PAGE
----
Notes from Kyoto
With my head against the train window, I napped. Just when dreams began to penetrate the consciousness, an announcement abruptly ruptured the hypnotic trance. Suddenly, there was a flurry of activity — mobile phones came out and people crowded near the windows. I looked out. There was Mt. Fuji, alone and proud, despite its blunted peak, wearing a thin sheath of snow. I took the accidental sighting as a sign of good things to come.
I was on a business trip to Tokyo, and had taken the Shinkansen bullet train that morning to Kyoto. The former imperial capital of Japan has enough to offer to keep a first-time traveller occupied for at least a week. I chose to spend at least a day in this city that I had been wanting to visit for several years.
A common complaint about Kyoto is that the city overspills with tourists throughout the year. However, I was there in February and was relieved to find no tourists since the cherry trees had not blossomed. That meant I could walk around freely checking out Shinto shrines, Zen gardens, and the famed walking paths of Kyoto without standing in long queues of selfie-seekers.
Kyoto Station is a big modern glass and steel architecture with multiple entries and exits that make it easy to get lost. But the tourist information office at the station is manned with helpful English-speaking staff. Given that I had eight hours in the city, they helped me identify the main shrines that I could cover.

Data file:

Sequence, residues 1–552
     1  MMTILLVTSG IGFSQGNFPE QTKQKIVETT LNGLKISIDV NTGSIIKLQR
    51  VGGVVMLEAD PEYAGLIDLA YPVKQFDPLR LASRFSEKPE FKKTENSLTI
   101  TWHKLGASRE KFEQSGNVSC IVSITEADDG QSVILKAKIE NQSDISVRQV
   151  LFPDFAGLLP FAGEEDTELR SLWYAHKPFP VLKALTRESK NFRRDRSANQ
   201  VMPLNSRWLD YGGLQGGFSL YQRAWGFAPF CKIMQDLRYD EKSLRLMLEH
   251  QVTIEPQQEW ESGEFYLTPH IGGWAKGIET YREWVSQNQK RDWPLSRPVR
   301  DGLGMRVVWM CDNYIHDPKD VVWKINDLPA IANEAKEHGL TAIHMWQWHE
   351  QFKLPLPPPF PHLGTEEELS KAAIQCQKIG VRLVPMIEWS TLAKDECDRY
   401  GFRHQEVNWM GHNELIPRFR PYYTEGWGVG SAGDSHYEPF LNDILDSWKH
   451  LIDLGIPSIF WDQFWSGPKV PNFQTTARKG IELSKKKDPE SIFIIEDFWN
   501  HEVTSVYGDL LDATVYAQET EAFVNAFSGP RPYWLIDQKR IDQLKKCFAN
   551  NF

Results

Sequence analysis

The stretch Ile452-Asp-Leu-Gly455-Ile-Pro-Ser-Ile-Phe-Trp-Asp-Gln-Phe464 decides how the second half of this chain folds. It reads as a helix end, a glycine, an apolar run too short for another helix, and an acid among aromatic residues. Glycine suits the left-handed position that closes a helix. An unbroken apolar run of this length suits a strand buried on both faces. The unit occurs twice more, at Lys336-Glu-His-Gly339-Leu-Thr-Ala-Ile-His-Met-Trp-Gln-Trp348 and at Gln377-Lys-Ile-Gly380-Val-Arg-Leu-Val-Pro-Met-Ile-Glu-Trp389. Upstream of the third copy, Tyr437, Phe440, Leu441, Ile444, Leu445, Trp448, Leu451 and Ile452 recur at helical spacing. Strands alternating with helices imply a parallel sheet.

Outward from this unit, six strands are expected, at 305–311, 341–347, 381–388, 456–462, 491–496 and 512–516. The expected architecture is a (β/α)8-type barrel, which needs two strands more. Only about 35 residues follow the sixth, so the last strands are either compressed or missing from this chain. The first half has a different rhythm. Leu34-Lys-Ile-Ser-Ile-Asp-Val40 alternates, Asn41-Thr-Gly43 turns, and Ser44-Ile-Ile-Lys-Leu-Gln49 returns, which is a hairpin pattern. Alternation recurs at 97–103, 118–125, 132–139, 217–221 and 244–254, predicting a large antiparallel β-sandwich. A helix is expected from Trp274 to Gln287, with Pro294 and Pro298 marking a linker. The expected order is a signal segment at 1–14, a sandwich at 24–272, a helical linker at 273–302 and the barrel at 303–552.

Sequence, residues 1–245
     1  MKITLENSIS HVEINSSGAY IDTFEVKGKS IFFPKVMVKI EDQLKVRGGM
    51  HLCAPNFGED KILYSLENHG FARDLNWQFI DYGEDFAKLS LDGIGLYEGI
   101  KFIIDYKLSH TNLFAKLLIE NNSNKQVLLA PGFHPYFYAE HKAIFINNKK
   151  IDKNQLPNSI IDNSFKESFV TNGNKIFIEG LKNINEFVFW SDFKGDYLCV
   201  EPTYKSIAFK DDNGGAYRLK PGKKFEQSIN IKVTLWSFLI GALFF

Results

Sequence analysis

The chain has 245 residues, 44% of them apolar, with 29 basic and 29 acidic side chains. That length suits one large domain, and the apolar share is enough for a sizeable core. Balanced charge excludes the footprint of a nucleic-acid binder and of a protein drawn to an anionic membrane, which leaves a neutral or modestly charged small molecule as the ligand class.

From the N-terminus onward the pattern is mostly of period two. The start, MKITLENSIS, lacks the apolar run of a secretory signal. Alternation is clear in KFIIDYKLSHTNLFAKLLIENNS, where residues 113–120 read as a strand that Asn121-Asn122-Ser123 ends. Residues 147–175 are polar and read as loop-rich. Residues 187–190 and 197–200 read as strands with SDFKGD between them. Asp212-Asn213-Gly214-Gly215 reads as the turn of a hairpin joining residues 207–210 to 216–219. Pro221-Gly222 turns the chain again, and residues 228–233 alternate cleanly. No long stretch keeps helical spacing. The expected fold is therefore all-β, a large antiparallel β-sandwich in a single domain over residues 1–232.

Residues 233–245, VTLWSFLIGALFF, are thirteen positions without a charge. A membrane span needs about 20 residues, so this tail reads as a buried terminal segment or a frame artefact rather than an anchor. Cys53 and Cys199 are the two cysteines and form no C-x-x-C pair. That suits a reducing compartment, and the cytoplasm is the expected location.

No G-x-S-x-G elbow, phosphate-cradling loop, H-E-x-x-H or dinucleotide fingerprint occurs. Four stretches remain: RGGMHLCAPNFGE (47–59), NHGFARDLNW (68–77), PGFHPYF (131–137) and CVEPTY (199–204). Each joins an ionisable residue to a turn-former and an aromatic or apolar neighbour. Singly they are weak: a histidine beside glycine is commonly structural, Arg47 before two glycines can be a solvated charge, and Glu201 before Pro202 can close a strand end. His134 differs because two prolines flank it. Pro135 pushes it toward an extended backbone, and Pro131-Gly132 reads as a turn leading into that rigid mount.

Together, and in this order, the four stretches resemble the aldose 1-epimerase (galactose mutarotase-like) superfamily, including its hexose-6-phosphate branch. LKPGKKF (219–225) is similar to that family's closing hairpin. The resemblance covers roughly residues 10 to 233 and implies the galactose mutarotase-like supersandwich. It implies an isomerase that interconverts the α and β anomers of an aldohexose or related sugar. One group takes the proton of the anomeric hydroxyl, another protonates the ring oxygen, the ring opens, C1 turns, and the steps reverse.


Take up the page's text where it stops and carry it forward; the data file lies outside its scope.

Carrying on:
I started at the Inari shrine, marked with thousands of vermillion toriis. The toriis are essentially wooden gates that, when one passes through, symbolise the transition from the mundane to the sacred. Such gates were found at several Shinto shrines, but the Inari shrine had a circumambulatory route that ran up a hill and back, punctuated with toriis. Some claim that toriis are a borrowed artefact; they are similar to torana gates found in Indian Buddhist shrines, especially at Sanchi Stupa. I walked the path, which overlooked a fish pond, in quiet solitude. The feverishness of Tokyo that had rubbed off on me began to fade away.
Kyoto is not small. One relies on its well-connected public transport system or taxis to get from one point to another. Taxis are cheap and easily accessible. Uber hasn’t had much of a success in Japan since taxis are reasonably priced anyway. I hailed one to Ginkakuji shrine, which marks the beginning of a 2 km walk called the Philosopher’s Path, named after a famous Kyoto university professor, Nishida Kitaro, who walked this path every day. The path was lined with thousands of cherry trees still clad green. I didn’t mind. I walked leisurely, noticing the delicate Japanese architecture that had inspired Le Corbusier also.
A short detour took me inside the Ginkakuji shrine. As in most Japanese shrines, a walking path encircles the main shrine. . On the path lay beautifully manicured moss and dry sand gardens.
Time slipped through the fingers like fine Japanese sand. Yet even I, a checklist-ticking, obsessive traveller who wants to cover everything, felt oddly calm. I had not seen even a quarter of Kyoto.
As the darkness began to spread softly, settling on the traditional wooden machiya houses like black dew, I walked around aimlessly in Kyoto’s Gion district to fold my visit. There, in a traditional tea house, over a hot bowl of matcha and wagashi, I reflected upon the day. I had come to Kyoto seeking beauty, and I didn’t have to travel far. Every nook offered a peek at the calming spiritual glue that has still not come undone despite Kyoto’s modernity.
A version of this story appeared in The Hindu